Chinese President Xi Jinping will travel to Hong Kong next week to “attend a meeting celebrating the 25th anniversary of Hong Kong’s return to the motherland and the inaugural ceremony of the sixth-term government,” according to China’s Xinhua news agency. John Lee will be sworn in as Hong Kong Chief Executive, replacing Carrie Lam who has held the post since July 2017. The trip will be Xi’s first outside of mainland China since January 2020. As the number of COVID-19 cases in Hong Kong have been rising in recent weeks, it was unclear whether Xi would visit the city. But with the 25th anniversary of the handover coinciding with the swearing in of a new Hong Kong Chief Executive, China’s leader obviously decided a day trip to the city is worth the risk.
China’s military has called the recent transit of a US Navy P-8 Poseidon aircraft over Taiwan Strait as being a deliberate attempt to disrupt the regional situation and endangered peace and stability. On Friday the US Poseidon flew over the strait separating the Chinese mainland and Taiwan. The flight came one day after Taiwan was forced to scramble fighters to intercept twenty-two Chinese aircraft operating in the Taiwanese air defense identification zone. All of this activity around Taiwan Strait comes days after the US government rejected a Chinese claim that the strait is not international waters.
Earlier this week the first of the Royal Air Force’s new P-8A Poseidon MPA (maritime patrol aircraft) touched down at Kinloss, Scotland. It is the first of nine Poseidon aircraft purchased by the Ministry of Defense and marks Great Britain’s return to the fixed wing ASW (anti-submarine warfare) game. The RAF and Royal Navy have been without shore based MPAs for over a decade following the retirement of the Nimrod in 2009. During the eleven year period between then and now, Britain was forced to rely on its allies to provide ASW coverage around the British Isles, and in the North Atlantic. The gap in coverage came at a critical time, as tensions with Russia rose following the annexation of Crimea, and the Ukrainian intervention in 2014. Russian naval operations in the North Atlantic and Norwegian Sea increased shortly afterwards, reemphasizing the importance of the waters to NATO.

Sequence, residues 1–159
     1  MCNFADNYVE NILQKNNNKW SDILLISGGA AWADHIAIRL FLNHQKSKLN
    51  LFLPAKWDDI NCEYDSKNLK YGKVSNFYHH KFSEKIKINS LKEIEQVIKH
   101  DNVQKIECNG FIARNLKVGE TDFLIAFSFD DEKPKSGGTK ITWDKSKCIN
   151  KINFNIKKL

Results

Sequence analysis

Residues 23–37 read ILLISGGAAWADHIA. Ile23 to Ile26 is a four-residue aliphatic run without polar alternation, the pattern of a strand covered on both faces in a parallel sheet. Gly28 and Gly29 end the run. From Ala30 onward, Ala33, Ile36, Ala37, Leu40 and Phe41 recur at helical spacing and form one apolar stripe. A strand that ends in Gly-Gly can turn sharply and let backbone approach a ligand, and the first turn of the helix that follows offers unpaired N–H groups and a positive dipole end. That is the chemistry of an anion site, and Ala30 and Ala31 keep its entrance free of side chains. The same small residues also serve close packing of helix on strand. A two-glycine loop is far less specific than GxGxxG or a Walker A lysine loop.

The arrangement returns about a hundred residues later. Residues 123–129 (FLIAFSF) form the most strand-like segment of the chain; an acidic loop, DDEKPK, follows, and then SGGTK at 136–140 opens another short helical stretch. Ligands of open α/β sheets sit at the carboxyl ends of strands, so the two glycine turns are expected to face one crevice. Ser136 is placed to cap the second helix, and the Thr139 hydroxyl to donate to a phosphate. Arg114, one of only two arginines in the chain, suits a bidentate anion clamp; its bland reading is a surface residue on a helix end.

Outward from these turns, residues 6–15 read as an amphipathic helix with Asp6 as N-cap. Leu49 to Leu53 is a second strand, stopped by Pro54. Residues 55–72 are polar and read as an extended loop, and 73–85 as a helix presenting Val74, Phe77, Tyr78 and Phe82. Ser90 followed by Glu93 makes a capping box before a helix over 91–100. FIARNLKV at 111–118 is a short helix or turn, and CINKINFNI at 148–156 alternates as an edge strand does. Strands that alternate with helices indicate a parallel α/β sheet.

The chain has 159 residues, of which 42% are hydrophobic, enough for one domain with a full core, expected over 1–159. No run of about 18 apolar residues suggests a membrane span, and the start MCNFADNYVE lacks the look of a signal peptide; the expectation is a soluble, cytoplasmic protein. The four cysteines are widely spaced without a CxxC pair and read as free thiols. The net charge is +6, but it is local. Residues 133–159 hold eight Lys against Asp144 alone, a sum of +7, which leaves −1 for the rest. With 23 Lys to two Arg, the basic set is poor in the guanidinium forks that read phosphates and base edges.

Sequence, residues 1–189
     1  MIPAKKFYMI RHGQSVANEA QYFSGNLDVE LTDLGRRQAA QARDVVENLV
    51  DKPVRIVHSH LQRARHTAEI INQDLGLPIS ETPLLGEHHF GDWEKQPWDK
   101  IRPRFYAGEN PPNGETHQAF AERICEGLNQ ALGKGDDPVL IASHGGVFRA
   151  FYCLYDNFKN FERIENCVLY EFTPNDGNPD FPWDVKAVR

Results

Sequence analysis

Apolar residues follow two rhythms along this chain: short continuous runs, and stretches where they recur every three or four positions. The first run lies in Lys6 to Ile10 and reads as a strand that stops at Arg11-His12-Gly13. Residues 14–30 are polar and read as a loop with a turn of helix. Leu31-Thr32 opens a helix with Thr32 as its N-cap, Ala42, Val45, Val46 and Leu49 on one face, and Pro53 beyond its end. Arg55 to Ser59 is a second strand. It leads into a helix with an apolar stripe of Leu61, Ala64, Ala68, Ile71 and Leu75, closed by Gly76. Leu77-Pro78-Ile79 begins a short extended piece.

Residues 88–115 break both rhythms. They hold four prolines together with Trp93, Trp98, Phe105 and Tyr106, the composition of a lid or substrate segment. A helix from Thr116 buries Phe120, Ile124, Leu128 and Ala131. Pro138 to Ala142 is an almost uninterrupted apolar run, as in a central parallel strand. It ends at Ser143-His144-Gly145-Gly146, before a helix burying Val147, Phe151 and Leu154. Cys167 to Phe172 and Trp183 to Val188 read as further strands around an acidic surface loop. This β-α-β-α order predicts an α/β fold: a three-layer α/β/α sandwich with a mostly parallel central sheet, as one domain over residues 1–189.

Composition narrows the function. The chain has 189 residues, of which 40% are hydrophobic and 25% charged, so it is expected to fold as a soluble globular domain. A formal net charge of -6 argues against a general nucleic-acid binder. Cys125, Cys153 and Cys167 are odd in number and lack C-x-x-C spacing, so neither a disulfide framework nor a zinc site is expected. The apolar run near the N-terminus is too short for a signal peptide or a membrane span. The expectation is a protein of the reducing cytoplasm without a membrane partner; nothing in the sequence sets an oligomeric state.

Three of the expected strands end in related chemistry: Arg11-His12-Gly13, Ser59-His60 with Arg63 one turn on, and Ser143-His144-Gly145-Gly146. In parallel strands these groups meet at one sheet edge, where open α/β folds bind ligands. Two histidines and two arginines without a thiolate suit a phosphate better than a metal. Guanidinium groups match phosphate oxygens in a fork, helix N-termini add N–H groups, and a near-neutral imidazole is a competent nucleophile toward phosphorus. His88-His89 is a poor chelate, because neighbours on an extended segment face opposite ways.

This is a step in the right direction for the Brits though. Over the past three years or so, Britain has become serious about redressing their military deficiencies. The British armed services had become a hollow shell as weapons systems were cut, and units disbanded in order to foot the bill for Britain’s commitments overseas such as in Afghanistan. Like many other European powers, British military power diminished. The Royal Navy was especially hard hit by the budget and force cuts and is presently rectifying the situation. The final three Astute class attack submarines are under construction, as well as the first of the new Dreadnought class SSBNs. On the surface side, the second Queen Elizabeth class aircraft carrier HMS Prince of Wales was recently commissioned. The first two City class frigates are also under construction and will help enhance the escort forces for the carriers.
This is certainly progress considering how much combat power had been gouged out of the British military between 2005 and 2014 or so. A lot of work still needs to be done but the Brits are moving in the right direction.
With BALTOPS 2019, a major NATO maritime exercise set to begin in two days, it should come as no surprise to see Russian naval and air units actively harassing their US counterparts in other parts of the world. This has been the pattern in recent years. In the leadup to a major exercise, or when NATO or the United States make a military move that Russia regards as unfriendly, incidents of harassment generally begin and last for a few days.
Today’s incident took place in the Philippine Sea, The Russian Udaloy class destroyer Admiral Vinogradov almost collided with the US cruiser USS Chancellorsville. The Russian destroyer made an “unsafe maneuver” placing itself only 50-100 feet away from the US warship. “This unsafe action forced Chancellorsville to execute all engines back full and to maneuver to avoid collision,” 7th Fleet explained the consequences of the Russian action in a released statement. Russia has insisted it was the Chancellorsville that hindered passage of its destroyer. Predictably, each side has dismissed the other’s version as being propaganda.
This was the second harassment incident between US and Russian forces in recent days. Earlier this week, a US Navy P-8 Poseidon patrol aircraft was intercepted by a Russian Su-35 fighter off the Syrian coast. The Russian plane undertook a series of dangerous maneuvers in close proximity to the P-8, though fortunately no collision took place. The US has lodged a formal complaint over that incident, although it is not expected to make a difference. These dangerous harassments will likely continue in the future.